Homer's Odyssey begins not with Odysseus, but with his son and wife awaiting his return.  Odysseus' home has been overrun by 108 Suitors intent on marrying the "widowed" Penelope.  Telemachus, now a young man, is coming of age and struggles with the memory of his father and the question of his lineage.  He decides to set off into the world and once and for all discover his father's fate, still in doubt after so many years.  His journey takes him to the kingdom of Menelaus and Helen, where Menelaus tells Telemachus tales of Odysseus' exploits at Troy and in the years following.  Penelope remains on Ithaca , where she has developed her own stratagem to avoid giving herself to remarriage: she has told the 108 impatient Suitors that she will decide on a new husband when she finishes weaving a funeral shroud for Odysseus.  She weaves all day and at night, by candlelight, unweaves the cloth woven during the preceding day.

It is at this point in the poem that we meet Odysseus, who has been stranded on the island of Ogygia for seven years, held captive by Calypso the nymph.  Through the intervention of the goddess Athena, Calypso frees Odysseus to continue on his journey home, and he builds a raft and heads out on the wine-dark sea.  But his freedom is short-lived when Poseidon shipwrecks him with a vicious storm.  An exhausted Odysseus finds refuge on a strange island, the island of Phaiakia.  Aided (as always) by Athena, Odysseus finds shelter and food with the kind king of Phaiakia, Alcinous, his wife Arete, and their beautiful daughter Nausicaa.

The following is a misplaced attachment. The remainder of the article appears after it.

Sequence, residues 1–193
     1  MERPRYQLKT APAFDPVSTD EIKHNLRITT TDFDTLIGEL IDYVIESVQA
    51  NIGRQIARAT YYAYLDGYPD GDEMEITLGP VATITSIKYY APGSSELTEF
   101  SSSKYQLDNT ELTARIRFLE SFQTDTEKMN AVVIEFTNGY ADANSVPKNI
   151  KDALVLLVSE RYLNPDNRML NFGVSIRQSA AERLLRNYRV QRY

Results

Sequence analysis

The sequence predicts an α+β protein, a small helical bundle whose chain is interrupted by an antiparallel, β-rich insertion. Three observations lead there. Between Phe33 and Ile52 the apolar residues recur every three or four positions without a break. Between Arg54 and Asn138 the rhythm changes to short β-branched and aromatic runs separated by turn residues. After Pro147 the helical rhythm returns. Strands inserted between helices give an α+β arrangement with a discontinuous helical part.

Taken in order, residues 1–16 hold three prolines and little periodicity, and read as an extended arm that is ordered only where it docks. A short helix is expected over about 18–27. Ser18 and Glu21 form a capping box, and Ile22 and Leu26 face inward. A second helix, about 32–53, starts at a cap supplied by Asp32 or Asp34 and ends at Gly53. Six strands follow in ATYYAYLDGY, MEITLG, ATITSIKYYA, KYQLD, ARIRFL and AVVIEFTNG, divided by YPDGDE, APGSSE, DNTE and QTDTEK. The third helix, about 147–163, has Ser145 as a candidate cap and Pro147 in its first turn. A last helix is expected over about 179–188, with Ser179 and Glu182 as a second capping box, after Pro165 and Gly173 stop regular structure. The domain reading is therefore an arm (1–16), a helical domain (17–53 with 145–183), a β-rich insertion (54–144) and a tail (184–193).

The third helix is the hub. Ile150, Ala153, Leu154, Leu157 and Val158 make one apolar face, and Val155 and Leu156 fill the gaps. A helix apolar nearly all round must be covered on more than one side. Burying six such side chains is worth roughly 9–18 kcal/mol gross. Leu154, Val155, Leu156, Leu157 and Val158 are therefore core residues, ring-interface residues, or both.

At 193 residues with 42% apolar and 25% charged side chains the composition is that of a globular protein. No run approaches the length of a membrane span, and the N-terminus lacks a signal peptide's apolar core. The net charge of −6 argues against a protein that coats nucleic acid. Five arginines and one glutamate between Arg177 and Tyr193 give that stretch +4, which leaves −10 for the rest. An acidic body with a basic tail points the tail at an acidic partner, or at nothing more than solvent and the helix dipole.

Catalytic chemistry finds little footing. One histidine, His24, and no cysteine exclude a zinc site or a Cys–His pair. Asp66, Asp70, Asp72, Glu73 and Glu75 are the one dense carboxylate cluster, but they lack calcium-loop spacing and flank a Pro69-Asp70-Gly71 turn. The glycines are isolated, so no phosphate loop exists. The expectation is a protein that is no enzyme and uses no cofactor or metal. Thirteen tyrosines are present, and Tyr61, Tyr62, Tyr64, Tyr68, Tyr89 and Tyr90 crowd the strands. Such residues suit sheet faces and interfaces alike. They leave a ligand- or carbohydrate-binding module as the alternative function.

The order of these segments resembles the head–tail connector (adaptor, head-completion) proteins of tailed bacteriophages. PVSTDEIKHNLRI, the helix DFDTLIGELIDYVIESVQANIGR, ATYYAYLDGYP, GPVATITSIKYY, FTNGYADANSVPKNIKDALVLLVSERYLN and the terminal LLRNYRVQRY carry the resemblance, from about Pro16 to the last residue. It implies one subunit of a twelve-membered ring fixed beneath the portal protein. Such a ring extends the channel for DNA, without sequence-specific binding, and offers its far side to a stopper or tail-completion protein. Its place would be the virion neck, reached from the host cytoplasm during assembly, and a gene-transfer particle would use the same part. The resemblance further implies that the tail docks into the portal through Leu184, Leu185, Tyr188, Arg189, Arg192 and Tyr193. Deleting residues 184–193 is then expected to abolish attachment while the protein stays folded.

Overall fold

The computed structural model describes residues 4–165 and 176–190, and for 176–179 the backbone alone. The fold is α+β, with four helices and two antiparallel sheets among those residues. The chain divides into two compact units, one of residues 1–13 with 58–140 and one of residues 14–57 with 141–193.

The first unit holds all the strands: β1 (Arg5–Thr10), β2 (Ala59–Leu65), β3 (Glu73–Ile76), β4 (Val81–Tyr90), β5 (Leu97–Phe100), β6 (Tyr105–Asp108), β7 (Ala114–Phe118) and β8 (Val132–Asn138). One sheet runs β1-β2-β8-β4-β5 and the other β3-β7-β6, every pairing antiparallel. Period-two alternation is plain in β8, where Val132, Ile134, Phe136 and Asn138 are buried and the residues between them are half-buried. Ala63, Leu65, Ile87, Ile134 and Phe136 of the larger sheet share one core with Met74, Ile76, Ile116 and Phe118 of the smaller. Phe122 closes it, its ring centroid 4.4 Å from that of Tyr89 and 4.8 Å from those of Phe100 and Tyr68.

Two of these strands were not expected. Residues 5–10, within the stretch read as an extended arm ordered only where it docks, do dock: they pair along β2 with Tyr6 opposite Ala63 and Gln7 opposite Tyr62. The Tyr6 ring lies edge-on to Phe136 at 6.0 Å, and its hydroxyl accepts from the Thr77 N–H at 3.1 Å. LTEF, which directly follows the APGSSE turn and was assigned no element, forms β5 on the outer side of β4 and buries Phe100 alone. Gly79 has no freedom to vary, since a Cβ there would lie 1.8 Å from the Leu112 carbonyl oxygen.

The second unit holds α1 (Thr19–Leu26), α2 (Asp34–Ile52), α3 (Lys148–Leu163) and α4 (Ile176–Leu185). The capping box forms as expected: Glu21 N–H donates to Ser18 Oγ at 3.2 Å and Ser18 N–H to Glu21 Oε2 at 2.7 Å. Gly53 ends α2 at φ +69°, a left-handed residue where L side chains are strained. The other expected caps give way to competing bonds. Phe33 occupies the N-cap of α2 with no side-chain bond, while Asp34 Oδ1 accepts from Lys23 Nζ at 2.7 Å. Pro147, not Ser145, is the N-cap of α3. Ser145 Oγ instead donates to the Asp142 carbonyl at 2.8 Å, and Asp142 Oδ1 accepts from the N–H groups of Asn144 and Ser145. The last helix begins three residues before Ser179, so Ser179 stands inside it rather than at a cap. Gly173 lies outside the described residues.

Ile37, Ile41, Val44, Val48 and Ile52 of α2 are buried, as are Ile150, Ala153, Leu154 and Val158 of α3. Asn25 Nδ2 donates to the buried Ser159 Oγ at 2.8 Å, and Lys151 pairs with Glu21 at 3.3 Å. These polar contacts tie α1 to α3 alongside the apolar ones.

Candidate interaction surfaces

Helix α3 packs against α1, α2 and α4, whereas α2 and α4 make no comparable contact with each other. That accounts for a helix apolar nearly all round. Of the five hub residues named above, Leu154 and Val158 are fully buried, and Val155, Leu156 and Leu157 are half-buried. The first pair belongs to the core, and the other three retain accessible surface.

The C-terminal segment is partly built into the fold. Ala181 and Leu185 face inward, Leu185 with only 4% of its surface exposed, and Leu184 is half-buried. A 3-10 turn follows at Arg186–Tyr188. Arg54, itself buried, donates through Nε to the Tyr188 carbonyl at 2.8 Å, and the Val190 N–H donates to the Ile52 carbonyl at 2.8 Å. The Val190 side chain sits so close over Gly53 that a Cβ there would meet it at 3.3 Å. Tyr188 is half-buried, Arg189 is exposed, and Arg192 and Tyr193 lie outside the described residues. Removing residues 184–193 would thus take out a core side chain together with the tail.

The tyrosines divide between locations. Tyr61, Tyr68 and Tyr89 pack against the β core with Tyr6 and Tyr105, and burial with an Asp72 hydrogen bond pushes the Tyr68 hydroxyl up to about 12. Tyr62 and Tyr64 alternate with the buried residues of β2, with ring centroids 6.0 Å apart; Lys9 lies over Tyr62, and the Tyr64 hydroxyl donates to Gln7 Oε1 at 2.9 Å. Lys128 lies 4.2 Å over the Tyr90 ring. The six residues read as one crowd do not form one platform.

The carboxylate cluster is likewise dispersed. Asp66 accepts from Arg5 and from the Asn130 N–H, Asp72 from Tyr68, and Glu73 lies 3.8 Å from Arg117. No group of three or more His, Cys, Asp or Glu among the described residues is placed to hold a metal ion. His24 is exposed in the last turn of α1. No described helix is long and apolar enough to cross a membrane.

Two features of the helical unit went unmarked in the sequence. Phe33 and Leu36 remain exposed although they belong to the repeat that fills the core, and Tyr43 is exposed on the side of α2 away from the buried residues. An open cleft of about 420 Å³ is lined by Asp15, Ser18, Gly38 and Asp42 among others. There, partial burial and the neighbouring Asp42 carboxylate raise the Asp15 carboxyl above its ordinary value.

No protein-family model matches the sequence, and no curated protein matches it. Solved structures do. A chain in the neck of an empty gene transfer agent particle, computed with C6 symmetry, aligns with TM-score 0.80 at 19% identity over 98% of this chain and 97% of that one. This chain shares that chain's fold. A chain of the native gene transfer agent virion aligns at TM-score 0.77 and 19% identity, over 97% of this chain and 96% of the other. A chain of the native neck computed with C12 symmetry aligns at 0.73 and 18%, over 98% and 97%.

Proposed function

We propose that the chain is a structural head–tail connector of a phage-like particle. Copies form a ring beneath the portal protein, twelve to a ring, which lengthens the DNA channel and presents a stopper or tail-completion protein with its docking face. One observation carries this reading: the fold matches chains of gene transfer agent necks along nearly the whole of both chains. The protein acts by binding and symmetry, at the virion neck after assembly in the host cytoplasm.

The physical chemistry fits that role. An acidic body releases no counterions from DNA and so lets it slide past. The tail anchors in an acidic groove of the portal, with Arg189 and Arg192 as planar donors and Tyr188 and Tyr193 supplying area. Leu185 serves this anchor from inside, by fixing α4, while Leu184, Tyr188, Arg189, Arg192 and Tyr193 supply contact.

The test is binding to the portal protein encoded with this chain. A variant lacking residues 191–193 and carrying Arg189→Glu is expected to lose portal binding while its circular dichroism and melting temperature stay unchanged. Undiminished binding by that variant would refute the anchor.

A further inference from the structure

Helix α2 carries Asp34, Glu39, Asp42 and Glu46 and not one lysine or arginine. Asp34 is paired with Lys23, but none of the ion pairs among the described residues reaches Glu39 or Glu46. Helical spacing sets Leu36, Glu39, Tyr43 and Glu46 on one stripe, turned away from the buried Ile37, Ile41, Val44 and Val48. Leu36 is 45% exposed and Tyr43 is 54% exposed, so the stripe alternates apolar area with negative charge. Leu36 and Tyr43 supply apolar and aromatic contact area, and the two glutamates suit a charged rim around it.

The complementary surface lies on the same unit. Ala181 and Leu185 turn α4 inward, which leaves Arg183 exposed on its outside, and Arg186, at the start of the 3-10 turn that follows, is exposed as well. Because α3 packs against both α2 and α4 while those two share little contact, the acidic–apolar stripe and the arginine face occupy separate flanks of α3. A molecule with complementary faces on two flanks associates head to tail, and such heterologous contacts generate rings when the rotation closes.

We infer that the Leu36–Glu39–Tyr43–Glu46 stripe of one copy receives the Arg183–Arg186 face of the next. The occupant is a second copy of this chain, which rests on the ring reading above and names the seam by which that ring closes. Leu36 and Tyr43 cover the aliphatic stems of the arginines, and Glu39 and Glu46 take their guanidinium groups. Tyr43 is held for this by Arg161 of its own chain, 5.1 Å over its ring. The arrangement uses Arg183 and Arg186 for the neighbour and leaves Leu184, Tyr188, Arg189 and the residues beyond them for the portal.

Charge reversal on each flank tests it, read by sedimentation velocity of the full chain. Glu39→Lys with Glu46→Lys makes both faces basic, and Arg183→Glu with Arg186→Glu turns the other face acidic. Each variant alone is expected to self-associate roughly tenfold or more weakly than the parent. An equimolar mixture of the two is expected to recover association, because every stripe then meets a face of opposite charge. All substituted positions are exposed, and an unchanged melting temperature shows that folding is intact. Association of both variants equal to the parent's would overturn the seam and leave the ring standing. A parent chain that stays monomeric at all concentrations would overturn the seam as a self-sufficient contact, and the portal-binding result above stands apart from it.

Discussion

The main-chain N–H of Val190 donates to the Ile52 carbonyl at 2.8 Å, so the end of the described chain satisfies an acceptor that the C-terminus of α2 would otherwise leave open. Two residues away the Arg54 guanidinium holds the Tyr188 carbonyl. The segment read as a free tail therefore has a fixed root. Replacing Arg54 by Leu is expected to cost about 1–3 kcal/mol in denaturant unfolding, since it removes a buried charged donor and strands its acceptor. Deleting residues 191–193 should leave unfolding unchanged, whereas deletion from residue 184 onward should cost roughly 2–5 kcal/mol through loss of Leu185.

In the court of Alcinous, Odysseus eats and drinks and listens to a blind poet sing of Odysseus' own exploits in the Trojan War.  Following the performance, Alcinous presses Odysseus for news of his wanderings, and Odysseus obliges by telling of his journeys since the end of the War.  It is through this narrative that many of the most well-known parts of Odysseus' travels are related: The Cyclops, Skylla and Chrybdis, the Lotus Eates, King Aeolos (the Wind King), the Sirens, and the witch Circe to name a few.  In these incidents, Odysseus' return home is foiled by circumstance, his recklessness, the foolishness of his companions, or divine intervention.  As one point, he nearly reaches the shore of Ithaca, only to be further delayed when his curious shipmates release the winds of Aeolos from their bag, driving Odysseus' ship back out to sea.

After the banquet and storytelling, Odysseus sets off from Phaiakia on what he hopes to be the final leg of his long journey home.  Upon finally arriving on Ithaca (again, with assistance from Athena), he assumes the guise of a beggar in order to covertly assess the situation in his home.

(Cont. at The Story 3)